[ Parent ]
I quite like WP (2.60 / 5) (#180)
by GenerationY on Wed Sep 22, 2004 at 10:41:53 PM EST

although the politics of it put me off any involvement. That said:

Not to say it is perfect, it isn't, but the vast majority of the articles are well written and many are comparable or better than their encyclopedia Britannica equivalents.

No. I'm sorry, I don't think that is true or fair.
There is no need to attack the Encyclopaedia Brittanica just to "big up" the Wikipaedia. Better to accept its just something a bit different and if people don't like it, they don't have to contribute or use it.

Wikipaedia doesn't have the calibre of contributors the Brittanica does. It simply can't. Fellows of The Royal Society don't tend to lark around arguing with people on the internet. Nobel Prize Winners aren't really known for enjoying bickering with rude 15 year olds from Wyoming over their life's work.

Does Wiki have people like Harry Houdini, Sigmund Freud, Marie Curie, Albert Einstein, Sir Walter Scott, Thomas Malthus, David Ricardo, James Mill, A.C. Swinburne, Prince Pyotr Kropotkin etc. writing for it? Thats the standard.

And remember, its not merely the contributors that is important, its the calibre of the reviewers and the editors. Wikipaedians don't seem to appreciate this fact: in academic/factual publishing, the calibre, skill and knowledge of the reviewers is far more important than the calibre of the writer. WP has a lot to say about what happens when a bad contribution is added, it has rather less to say about what happens upon poor reviewing (as far as I can tell its trial by combat that decides the outcome rather than anything more reasoned). There is definite imbalance.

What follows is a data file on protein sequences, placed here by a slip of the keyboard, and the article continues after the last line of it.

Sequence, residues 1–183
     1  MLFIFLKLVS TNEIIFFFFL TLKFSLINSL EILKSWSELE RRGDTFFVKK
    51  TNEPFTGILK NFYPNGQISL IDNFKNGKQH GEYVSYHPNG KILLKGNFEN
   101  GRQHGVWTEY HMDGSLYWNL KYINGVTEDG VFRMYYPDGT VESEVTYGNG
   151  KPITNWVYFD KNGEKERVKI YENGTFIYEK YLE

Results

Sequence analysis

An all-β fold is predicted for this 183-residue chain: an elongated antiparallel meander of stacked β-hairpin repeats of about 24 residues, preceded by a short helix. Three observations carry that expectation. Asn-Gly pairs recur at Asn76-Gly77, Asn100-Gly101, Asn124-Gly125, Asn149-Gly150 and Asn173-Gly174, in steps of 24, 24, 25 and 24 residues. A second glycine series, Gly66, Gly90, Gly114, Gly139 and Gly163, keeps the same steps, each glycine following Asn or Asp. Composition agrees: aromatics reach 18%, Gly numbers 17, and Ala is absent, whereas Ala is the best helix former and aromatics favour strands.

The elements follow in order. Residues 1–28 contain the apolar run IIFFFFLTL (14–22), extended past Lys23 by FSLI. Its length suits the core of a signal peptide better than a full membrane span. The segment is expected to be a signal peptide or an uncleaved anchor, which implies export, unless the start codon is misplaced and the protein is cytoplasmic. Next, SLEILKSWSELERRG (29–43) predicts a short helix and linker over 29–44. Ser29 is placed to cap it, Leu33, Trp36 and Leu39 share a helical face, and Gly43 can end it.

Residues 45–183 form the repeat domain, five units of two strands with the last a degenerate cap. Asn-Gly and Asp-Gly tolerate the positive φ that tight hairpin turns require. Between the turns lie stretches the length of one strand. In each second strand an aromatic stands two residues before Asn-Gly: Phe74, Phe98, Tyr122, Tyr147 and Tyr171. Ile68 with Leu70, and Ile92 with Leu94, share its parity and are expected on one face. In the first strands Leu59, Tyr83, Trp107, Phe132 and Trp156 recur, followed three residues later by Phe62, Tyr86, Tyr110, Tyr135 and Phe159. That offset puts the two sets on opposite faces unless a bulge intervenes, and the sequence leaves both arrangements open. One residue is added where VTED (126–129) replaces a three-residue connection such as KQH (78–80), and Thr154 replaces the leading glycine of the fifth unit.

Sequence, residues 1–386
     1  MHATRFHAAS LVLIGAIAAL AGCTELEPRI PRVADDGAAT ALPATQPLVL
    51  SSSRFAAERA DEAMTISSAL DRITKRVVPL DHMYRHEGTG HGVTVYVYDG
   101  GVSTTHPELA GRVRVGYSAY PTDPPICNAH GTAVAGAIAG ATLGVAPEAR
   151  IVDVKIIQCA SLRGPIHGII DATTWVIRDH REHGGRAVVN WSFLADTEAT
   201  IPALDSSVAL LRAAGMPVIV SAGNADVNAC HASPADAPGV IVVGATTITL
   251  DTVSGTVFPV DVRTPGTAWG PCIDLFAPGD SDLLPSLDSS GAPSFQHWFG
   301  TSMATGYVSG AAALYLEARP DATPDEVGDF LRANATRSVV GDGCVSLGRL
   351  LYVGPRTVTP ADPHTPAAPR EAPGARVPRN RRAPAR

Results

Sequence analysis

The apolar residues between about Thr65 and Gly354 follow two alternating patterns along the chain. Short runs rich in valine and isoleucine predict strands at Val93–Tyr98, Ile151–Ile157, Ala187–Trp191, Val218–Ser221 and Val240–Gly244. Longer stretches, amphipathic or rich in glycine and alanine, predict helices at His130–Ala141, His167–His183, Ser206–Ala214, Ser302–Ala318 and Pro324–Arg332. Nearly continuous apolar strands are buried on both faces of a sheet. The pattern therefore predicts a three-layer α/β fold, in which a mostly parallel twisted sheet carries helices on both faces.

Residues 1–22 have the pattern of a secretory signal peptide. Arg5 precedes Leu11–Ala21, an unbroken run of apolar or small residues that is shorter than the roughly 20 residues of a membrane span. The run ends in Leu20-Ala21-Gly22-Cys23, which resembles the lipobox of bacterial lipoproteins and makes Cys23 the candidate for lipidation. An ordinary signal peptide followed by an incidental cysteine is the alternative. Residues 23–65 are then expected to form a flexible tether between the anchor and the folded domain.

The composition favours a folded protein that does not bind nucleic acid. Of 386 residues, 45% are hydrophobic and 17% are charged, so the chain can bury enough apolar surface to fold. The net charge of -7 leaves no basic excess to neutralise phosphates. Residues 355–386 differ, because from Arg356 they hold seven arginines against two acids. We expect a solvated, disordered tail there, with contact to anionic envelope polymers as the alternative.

We can mess around saying that you have no way of knowing anything is true and decrying "professionalism" as a vice, but in the end a reasonable person has to accept that Brittanica, on the entries it chooses to cover, is always going to have a great weight of authority, accuracy and reliability on its side.

I think WP is occasionally great, and in general not bad. It is not "better" than Brittanica however by any objective measure other than it covers some issues Brittanica doesn't. Fair enough.

And one more thing (2.50 / 2) (#182)
by GenerationY on Wed Sep 22, 2004 at 11:20:15 PM EST

In view of what I have already said, it should be evident that this is (to use an Englishism) complete bollocks:

It is generally accepted that those fighting for what they love will always fight better than mercenaries. Perhaps it is only natural for those writing articles on subjects they are passionate about to do a better job than those paid by professional encyclopedias to write their articles for them.

Yes, I'm sure Freud didn't give a flying fuck about psychoanalysis and Marie Curie didn't give two hoots for science unless there was money on the table. And of course, they couldn't be expected to do a decent job anyway compared to the random internet user could they? Hmm.

Today, take a look in Brittanica and check who these people are. They aren't merely "paid experts", they are usually of the top echelon with a lifetime's investment in their subject. FRSs abound in the science sections, and arts coverage is often from the Chairs of learned societies. An entry in an Encyclopaeda is counted as a publication for an academic; its not something trivial or done for the cash. It is part of their body of work.